Preparing to enter the job market can be an exciting experience, but can also bring on nervousness and stress. Calm your pre-interview jitters and get "the edge" with the following helpful tips:
Quite often, an interview begins with a hand shake. If you're prone to sweaty palms, here's how to avoid an embarrassing hand shake. While waiting, rest your hands "palms down" on your lap. When the interviewer extends a hand, your hands will be sweat-free.
The interviewer is meeting you for the first time, and nerves can surprisingly affect body language. Suppress nervous "twitches" such as: Rattling nails or drumming on the table, playing with your hair, twitching your leg, playing with a pen...you get the idea. Keep feet planted firmly on the floor and hands rested on your lap.
Too Much Talking
In the media, dead air is not a good thing. For my job as a guest beauty and age-proofing expert on radio or TV, speaking quickly and concisely is quite common; given a segment may be only two short minutes in length. However, during the job interview, speaking quickly or too much, may be a sign of nervousness or give the impression that you're not a good listener. Take a beat, speak clearly and concisely, and sprinkle in some of your dazzling charm.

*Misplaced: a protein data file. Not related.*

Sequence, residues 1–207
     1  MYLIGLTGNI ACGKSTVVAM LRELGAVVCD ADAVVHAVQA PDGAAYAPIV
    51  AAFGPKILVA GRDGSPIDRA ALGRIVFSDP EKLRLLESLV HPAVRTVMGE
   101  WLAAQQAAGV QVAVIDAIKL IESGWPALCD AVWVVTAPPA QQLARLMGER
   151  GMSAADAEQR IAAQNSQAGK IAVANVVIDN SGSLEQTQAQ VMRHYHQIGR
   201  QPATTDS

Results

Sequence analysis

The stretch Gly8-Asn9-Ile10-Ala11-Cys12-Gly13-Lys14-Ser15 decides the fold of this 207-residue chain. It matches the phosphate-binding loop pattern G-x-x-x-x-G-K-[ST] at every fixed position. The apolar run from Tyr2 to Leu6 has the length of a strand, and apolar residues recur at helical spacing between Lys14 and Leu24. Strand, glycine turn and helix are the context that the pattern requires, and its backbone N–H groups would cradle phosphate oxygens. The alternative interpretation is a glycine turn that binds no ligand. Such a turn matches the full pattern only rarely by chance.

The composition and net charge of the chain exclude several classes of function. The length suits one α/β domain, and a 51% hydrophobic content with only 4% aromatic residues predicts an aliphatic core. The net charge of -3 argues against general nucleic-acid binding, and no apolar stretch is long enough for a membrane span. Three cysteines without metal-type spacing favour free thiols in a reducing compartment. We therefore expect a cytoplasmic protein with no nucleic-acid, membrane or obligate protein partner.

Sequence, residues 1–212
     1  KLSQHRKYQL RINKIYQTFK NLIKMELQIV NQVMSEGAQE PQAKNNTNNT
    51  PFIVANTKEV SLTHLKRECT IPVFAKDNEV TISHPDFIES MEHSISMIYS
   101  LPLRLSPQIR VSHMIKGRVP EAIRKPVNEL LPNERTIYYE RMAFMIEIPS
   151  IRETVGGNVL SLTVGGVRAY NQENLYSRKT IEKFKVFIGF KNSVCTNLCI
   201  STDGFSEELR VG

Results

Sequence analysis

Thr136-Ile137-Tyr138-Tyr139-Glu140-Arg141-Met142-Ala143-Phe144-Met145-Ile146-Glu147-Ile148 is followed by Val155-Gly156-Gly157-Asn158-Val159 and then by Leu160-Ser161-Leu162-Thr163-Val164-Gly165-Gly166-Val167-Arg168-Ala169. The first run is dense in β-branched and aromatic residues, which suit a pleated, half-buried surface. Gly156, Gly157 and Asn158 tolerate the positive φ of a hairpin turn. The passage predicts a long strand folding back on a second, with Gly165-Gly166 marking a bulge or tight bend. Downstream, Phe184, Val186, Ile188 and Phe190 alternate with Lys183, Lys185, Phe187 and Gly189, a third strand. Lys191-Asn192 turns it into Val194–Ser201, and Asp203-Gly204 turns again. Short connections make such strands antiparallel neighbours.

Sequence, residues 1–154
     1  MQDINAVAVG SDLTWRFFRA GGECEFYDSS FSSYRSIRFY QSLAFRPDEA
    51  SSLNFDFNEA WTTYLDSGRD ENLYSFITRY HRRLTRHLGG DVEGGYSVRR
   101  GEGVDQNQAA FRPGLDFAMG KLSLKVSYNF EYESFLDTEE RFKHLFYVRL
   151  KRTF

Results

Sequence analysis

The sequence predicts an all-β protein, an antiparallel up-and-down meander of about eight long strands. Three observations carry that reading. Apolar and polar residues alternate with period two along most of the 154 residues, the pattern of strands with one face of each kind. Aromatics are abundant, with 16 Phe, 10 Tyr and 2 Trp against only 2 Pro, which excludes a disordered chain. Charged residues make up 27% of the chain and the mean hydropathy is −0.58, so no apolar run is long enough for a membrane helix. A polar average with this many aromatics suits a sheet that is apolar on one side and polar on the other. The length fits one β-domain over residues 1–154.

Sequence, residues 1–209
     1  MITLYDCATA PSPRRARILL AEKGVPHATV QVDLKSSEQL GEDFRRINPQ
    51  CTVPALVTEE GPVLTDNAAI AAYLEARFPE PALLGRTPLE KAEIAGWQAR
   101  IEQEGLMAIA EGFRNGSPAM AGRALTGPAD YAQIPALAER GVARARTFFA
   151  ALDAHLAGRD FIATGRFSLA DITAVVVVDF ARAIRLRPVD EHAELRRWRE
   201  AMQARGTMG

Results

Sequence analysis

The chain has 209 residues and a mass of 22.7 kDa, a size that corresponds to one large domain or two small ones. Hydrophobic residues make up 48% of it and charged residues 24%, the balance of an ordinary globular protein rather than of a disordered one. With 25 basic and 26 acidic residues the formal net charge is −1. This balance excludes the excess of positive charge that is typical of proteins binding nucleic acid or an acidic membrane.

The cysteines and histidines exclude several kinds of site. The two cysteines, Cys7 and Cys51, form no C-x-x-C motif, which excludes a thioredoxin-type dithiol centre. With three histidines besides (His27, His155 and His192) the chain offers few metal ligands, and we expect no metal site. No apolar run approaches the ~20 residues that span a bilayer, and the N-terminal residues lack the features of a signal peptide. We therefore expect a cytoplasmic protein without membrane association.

Pre-Interview De-stressing Tip
Stress can cause the pitch of your voice to rise. The following quick tip can help you feel and sound "chill-axed": Prior to your interview, sit in a quite place such as your car, and simply "drop" your shoulders. Next, close your eyes, and breathe slowly, counting to four as you breathe in and as you breathe out. Counting to four helps draw attention away from stressful thoughts. Remember to keep your shoulders down as you breathe. This technique "shuts off" the stress hormone, cortisol, and keeps you feeling and sounding calmer. Another bonus of this ritual is that when cortisol is halted, you prevent weight gain in the abdominal area.
Prior to your interview, taking oral homeopathic Rescue Remedy can help calm nerves and naturally uplifts mood. It's available in drops or pastilles at all health food stores.
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